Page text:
the act of ; a coming violently into contact; crash:
the collision of two airplanes.
a clash; conflict:
a collision of purposes.
Physics. the meeting of particles or of bodies in which each exerts a force upon the other, causing the exchange of energy or momentum.
Contemporary Examples

When the collision of ideas comes from different perspectives, demographics, and mindsets, the result can be “aha.”
The U.K.’s Innovation Dream Team John Kao May 13, 2010

Any collision,” Cronkite remembered, “would probably [have] set off a chain explosion, wiping out the squadron.
The Story of the American Journalists Who Landed on D-Day Timothy M. Gay June 5, 2012

A collision over land—really over grass for food and drinking water—becomes a collision over religion and identity.
Sudan Drought Breeds Violence Eliza Griswold July 2, 2011

Leslie H. Gelb on why neither nation has thought through the consequences of a collision.
Obama’s Dangerous China Game Leslie H. Gelb January 30, 2010

The collision of politics, gender, and sexuality can be a nasty one for female candidates.
Warren Takes Credit for Occupy Wall Street Samuel P. Jacobs October 24, 2011

Historical Examples

“I hope there will be no collision between Rita and Mrs. Yeoman,” laughed Dick.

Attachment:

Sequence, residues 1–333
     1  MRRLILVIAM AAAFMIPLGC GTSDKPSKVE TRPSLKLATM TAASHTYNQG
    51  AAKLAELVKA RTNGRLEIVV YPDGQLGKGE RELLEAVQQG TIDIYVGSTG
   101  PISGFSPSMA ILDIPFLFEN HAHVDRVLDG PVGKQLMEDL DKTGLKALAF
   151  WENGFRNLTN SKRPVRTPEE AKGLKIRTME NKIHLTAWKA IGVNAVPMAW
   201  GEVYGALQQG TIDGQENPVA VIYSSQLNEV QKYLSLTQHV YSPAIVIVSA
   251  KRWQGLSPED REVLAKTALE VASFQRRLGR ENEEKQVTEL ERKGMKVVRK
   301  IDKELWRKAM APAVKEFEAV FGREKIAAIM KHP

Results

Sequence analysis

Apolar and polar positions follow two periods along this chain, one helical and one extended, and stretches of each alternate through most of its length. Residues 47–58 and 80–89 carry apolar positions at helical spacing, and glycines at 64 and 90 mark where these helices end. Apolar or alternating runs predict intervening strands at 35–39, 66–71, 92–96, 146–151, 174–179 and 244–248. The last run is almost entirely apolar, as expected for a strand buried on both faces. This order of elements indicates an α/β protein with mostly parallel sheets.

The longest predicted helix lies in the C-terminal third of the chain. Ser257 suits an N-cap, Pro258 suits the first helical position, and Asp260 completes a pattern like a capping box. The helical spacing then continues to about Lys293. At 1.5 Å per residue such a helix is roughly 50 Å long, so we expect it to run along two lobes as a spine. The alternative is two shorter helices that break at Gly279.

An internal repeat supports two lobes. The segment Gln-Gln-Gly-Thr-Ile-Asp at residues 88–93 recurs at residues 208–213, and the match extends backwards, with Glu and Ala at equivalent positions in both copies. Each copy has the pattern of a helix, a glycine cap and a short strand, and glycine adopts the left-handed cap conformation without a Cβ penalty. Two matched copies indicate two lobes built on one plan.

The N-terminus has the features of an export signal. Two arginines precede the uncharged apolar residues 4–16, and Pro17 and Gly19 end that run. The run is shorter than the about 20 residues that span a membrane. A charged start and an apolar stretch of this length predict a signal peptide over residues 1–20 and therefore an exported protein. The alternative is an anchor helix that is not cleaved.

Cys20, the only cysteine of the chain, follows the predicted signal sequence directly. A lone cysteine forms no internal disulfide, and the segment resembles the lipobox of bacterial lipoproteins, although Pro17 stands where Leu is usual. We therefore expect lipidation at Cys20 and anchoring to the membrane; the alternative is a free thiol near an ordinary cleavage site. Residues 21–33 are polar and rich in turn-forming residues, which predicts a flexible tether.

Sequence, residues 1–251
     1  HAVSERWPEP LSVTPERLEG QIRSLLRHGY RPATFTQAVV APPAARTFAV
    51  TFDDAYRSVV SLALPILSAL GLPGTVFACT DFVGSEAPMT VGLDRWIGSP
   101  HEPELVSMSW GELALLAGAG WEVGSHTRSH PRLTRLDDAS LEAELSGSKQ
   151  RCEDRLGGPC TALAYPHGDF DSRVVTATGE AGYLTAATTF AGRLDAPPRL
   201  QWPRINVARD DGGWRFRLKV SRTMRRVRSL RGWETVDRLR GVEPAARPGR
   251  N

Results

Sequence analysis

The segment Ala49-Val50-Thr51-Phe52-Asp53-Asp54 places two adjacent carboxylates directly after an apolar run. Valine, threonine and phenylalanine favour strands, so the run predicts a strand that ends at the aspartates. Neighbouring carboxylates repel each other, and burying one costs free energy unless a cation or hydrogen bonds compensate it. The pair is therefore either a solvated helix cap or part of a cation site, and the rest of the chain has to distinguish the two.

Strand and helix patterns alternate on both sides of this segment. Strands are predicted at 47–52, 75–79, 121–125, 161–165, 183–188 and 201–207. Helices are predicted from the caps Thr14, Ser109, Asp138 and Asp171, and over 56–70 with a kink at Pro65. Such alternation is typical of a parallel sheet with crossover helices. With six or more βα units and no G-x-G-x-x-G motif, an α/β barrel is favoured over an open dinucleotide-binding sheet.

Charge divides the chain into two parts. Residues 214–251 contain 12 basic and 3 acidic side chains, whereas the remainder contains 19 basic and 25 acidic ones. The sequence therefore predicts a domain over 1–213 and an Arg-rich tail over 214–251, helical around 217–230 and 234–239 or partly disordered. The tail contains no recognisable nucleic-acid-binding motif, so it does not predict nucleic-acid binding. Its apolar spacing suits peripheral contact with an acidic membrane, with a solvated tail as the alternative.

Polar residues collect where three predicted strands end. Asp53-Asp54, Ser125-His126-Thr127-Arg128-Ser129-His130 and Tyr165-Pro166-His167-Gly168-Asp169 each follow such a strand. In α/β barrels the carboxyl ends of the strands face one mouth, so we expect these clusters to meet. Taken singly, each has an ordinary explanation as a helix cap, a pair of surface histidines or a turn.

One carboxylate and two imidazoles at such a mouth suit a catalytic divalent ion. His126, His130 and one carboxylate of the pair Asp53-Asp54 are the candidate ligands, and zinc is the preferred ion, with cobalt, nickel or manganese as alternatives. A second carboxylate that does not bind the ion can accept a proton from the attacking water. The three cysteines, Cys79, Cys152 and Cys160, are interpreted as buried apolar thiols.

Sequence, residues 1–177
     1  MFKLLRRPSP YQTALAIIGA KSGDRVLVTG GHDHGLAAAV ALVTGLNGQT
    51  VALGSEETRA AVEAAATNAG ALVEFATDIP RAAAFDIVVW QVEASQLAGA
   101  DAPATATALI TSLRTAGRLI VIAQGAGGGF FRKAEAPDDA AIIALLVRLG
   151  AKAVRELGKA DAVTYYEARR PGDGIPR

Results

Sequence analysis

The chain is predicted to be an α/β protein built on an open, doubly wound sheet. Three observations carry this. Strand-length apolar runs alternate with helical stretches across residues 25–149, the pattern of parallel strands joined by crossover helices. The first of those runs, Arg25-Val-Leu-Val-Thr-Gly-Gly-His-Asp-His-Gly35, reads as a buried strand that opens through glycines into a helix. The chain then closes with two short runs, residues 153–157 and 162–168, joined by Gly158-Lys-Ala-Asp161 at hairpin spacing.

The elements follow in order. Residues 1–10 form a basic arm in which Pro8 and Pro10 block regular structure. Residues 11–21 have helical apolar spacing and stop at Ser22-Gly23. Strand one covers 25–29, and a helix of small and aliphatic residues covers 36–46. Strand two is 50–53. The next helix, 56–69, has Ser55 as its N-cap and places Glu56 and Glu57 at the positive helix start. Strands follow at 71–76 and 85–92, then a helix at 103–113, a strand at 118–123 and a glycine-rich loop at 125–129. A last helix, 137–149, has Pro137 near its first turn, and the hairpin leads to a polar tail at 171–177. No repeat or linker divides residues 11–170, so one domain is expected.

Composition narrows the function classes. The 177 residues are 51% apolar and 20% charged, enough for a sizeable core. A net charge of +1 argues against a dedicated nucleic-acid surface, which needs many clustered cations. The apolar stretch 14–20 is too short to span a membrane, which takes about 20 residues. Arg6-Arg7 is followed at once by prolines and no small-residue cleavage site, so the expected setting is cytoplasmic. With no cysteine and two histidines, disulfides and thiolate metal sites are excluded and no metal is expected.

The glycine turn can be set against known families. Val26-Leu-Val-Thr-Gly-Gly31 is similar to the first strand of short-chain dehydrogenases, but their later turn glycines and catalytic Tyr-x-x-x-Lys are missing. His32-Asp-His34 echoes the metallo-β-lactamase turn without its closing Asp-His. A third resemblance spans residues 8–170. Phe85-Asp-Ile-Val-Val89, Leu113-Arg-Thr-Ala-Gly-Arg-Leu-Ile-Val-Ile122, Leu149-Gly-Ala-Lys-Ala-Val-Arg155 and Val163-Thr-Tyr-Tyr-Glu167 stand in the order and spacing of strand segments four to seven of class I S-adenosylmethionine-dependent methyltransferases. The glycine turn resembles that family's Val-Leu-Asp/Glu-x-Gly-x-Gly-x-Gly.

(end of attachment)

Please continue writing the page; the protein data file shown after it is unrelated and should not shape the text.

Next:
Fast as the Wind Nat Gould

Fortunately for that fellow too,’ said Tip, ‘or he and I might have come into collision.’
Little Dorrit Charles Dickens

Waves of all sizes impinge upon them, and at every collision a portion of the impinging wave is struck off.
Six Lectures on Light John Tyndall

You do not anticipate a collision because you are a brave man.
The Night Riders Ridgwell Cullum

The steersman whirled his wheel swiftly in the apparent endeavor to avert a collision.
Jim Spurling, Fisherman Albert Walter Tolman

a violent impact of moving objects; crash
the conflict of opposed ideas, wishes, attitudes, etc: a collision of interests
(physics) an event in which two or more bodies or particles come together with a resulting change of direction and, normally, energy

early 15c., from Middle French collision (15c.), from Latin collisionem (nominative collisio) “a dashing together,” noun of action from collidere (see collide).

1. When two hosts transmit on a network at once causing their packets to corrupt each other.
See collision detection.
2. hash collision.


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